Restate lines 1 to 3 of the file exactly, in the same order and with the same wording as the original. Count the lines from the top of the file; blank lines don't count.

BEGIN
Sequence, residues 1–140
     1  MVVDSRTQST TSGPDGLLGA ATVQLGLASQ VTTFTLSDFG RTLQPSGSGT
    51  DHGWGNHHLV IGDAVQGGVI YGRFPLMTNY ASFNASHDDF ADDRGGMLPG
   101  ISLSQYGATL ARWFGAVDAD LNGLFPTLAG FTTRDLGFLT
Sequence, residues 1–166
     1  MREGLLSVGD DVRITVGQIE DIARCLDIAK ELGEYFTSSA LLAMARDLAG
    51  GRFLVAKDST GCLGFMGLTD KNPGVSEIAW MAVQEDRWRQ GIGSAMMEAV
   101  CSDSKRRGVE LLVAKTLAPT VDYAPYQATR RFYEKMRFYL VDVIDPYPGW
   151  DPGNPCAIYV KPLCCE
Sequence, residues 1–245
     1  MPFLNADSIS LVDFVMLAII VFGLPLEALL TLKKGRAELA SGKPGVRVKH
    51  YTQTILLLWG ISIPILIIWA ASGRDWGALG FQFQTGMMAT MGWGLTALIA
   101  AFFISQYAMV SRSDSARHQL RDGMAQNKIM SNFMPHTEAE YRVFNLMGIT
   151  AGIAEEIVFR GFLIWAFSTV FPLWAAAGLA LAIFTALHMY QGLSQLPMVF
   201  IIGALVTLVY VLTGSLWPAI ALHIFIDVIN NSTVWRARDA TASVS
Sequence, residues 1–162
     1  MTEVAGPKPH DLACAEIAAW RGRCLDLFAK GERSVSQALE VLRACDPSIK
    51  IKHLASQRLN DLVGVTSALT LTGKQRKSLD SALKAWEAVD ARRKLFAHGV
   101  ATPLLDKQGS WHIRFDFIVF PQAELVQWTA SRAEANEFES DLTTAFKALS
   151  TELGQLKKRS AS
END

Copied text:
Sequence, residues 1–140
     1  MVVDSRTQST TSGPDGLLGA ATVQLGLASQ VTTFTLSDFG RTLQPSGSGT
    51  DHGWGNHHLV IGDAVQGGVI YGRFPLMTNY ASFNASHDDF ADDRGGMLPG